An ‘unsustainable’ rent increase is forcing Black Ink to close in Cambridge. Hundreds have written to the landlord in outrage.

The purveyor of “unexpected necessities” will close its Harvard Square location at the end of 2019.

Susan Corcoran with her son, Finn, and daughter, Rory, inside Black Ink. Courtesy of Susan Corcoran

The hometowns of the note-writers stretch from the United Kingdom and Croatia to New Jersey and Massachusetts.

But the messages of the notes, scrawled on page-after-page in large sketch pads in black marker, echo one another.

“Keep Harvard Square quirky not corporate!”

“You’re hurting our hearts. Think about local impact.”


The beloved locally-owned shop, known for its tagline of being a purveyor of  “unexpected necessities,” will close its doors at the end of the year, a move owner Susan Corcoran says is the result of an untenable rent increase by her landlord, a North Carolina-based real estate investment company, Asana Partners.

“It’s out of our hands,” Corcoran told “I would have hoped that they had some feel for this community, it doesn’t seem that they did.”


Asana bought her building and a stretch of storefronts along Brattle Street in 2017 for $108 million. Flat Patties, another tenant of the company, has announced it will also close by the end of the year. Crema Cafe departed last December citing a failure to negotiate a new lease with the landlord.

“I just didn’t feel like the community had been listened to — clearly they weren’t,” Corcoran said. “Crema closed, and that was really huge for people that work here and frequent this neighborhood. So I felt like the community really hadn’t had a chance to say anything about this.”

She wanted to give people a way to express their thoughts about the spate of closings that have plagued Harvard Square in recent years, driven in part by the rising rents and multiple, extensive construction projects.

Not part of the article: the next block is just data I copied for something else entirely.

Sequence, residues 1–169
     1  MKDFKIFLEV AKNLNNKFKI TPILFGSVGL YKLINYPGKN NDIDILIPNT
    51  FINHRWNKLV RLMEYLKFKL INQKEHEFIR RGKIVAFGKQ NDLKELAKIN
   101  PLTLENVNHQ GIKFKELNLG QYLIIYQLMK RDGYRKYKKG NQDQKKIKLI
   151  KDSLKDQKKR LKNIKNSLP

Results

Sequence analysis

So, after hanging a banner in her storefront in September announcing her shop’s closure, Corcoran started a project she calls “Dear Asana Partners,” collecting messages of support from customers, which she has mailed to her out-of-state landlord.

“It’s not about us, it’s about the entire community,” she said.

She hasn’t gotten a response from Asana — but she didn’t expect one. She said she’s only had direct contact with the company once, when she was attempting to discuss a new lease term.


Asana Partners did not respond to multiple requests for comment from

“I wanted them to know what their changes were doing to the community,” Corcoran said. “Because it’s unprecedented. Harvard Square, it’s a very idiosyncratic place. This is not your typical development, and I think this could have been done with a lot more thought and consideration for those of us who live here.”

‘This is my home’

Toys for sale inside Black Ink.

As her shop’s run in Harvard Square draws to an end, the Cambridge resident and business owner said she has been preparing herself to say goodbye to a space that has been like a second home to her and her family.

She and her husband, Tim, opened their first location of Black Ink on Charles Street in Boston in 1994. They started out by selling rubber stamps they made themselves, created from images Corcoran had been collecting over the years.

She wanted to sell something no one else sold — a goal she continues to strive for and do with her business.